SNP MEP Alan Smyth and party MSP Bob Doris have urged the EU to allow Scotland to remain within a Europe-wide network of medical expertise on rare diseases after being told it will be expelled.

Britain is due to be excluded from the European Reference Networks (ERNs) later this month, losing access to vital medical information.

Professor Peter Mossey, one of Scotland’s leading dental experts and cleft-lip specialists, last week told the Scottish Parliament cross-party group on rare, genetic and undiagnosed conditions that the exclusion could potentially result in patient deaths.

READ MORE: The importance of ERNs: ‘Families quickly become isolated'

ERNs operate across 26 EU countries, with 20,000 professionals from 300 centres of excellence contributing to their networks.

There are seven such centres in Scotland across NHS Greater Glasgow and Clyde, NHS Tayside, Ninewells Hospital and Medical School in Dundee and the Royal Infirmary of Edinburgh.

The National:

Some 300,000 Scots will be affected by a rare disease such rare lung, skin or bone disorders.

First approved by the EU Commission in early 2017, ERNs provide a virtual platform where rare disease experts support patients with diagnoses, removing the need for long-distance travel for treatment.

Smith and Doris have written an urgent letter to EU Commissioner Vytenis Andriukaitis, urging the EU to “do all that you can” to see the relationship continue.

Smith told the Sunday National: “This needs to be fixed. What Bob and I are looking for is a guarantee that we can stay, while we fix it.

"This could be three months, six months, nine months – during this time there will be gaps in this important information.

READ MORE: Arc of Prosperity and Phyl's Blog independence supporters 'fleeing' Scotland due to Brexit

‘‘It is a concrete example of a network which we have been a part of for as long as they have existed. These must be continued by a conscious effort. Here is a real example of something we stand to lose.

“I understand that there is every willingness on the part of the commission to keep these things going, but it is precisely in doubt because of a UK Government that is disastrous. Brexit isn’t all about high politics, it is about real people in the real world,” he added.

Bob Doris, MSP for Glasgow Maryhill and Springburn, last week raised the issue in Parliament.

The National:

DORIS went on to warn of the “real, looming threat” to Scotland’s most vulnerable people.

In his speech, the MSP said: “I do not give a monkey’s whether it is May’s Brexit or Corbyn’s Brexit; I just want to make sure that, whether it is in Maryhill as in Madrid or in Springburn as in Stockholm, the people and families I represent get the best-quality healthcare for the treatment of their conditions.”

He told the Sunday National: “ERNs can be a difference between life and death for some patients.”

“Everyone speaks in hyperbole about Brexit, but this is a brass-tacks issue about quality of life. It is not in Theresa May’s agreement and these networks will be shut off to clinicians. We need assurances now and there is nothing to stop Theresa May from acting now.”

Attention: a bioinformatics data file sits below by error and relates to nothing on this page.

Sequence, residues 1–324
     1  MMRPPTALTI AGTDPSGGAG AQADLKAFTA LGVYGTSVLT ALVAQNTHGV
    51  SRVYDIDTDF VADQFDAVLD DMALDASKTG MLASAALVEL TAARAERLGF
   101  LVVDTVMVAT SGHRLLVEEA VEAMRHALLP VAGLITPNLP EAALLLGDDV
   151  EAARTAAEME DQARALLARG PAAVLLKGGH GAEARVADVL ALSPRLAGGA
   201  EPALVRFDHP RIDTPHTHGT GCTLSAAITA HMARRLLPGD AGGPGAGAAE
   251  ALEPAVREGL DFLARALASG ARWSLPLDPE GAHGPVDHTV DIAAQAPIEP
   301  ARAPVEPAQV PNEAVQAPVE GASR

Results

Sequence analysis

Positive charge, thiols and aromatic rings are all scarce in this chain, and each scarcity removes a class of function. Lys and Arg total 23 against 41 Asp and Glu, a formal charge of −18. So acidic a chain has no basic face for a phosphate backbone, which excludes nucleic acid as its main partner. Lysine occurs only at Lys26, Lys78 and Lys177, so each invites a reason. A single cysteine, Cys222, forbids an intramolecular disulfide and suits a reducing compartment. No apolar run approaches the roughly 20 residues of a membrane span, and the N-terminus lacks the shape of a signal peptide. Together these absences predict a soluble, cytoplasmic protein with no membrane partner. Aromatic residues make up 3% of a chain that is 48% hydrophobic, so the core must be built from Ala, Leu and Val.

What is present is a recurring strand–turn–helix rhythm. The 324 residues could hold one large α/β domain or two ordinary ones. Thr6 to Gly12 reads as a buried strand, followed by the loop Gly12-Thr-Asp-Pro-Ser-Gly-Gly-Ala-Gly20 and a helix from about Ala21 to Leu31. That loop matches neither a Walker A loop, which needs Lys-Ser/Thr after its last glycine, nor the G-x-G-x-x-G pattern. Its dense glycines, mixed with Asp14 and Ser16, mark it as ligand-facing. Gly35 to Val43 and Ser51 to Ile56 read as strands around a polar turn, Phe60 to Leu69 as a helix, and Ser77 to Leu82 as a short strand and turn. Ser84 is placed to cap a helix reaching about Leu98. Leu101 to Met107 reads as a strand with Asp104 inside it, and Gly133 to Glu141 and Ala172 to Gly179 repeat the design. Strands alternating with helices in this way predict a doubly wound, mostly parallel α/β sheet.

READ MORE: Alyn Smith: The historic Holyrood Brexit debate was a good day for Scottish democracy

Practitioners across the UK have already been informed that they will be prohibited from accessing ERNs data from March 29 onwards.

This revelation comes after the UK Government previously recognised the importance of ERNs in their own 2018 Brexit white paper. However, in preparation for Brexit, the European Commission were quick to ask UK hospitals involved in ERNs to step down in November that year.

Professor Mossey warned MSPs that the implications would certainly mean losing access to top diagnoses and surgical expertise.

Expulsion from ERNs could also see the UK miss out on opportunities to take part in collaborative research, as well as incurring significant costs via attempts to ensure the UK stayed at the forefront of medical science.

The Scottish Government has already written to the Prime Minister on the issue. Health Secretary Jeane Freeman said: “The exchange of knowledge and expertise is one of the most valuable aspects of EU membership, and the European Reference Network is just one example of the many benefits we could lose out on after Brexit.

“The Scottish Government believes that Scotland’s future is best served by remaining inside the EU... The UK Government must – at the very least – immediately rule out a no-deal Brexit, and all of the damaging consequences that would bring for Scotland’s health and social care system.

Genetic Alliance UK are leading the campaign to protect ERNs membership. Chief executive, Dr Jayne Spink said retaining ERNs access was crucial. “Protecting the ability of UK specialist centres to play their roles within the ERNs is massively important,” she said.

“There are no guarantees at present; deal or no deal and we stand on the brink of losing access to diagnostic and clinical expertise and to collaborative partnerships that drive forward innovation.

“Further diminishing or damaging involvement for Scotland and the UK in the work of the ERNs will disadvantage patients. We need as many individuals as possible to show their support by signing up to our Protect ERNs campaign.”

The UK will also be excluded from the European Medicines Agency, set up in 1995 to improve regulation of medicines across Europe.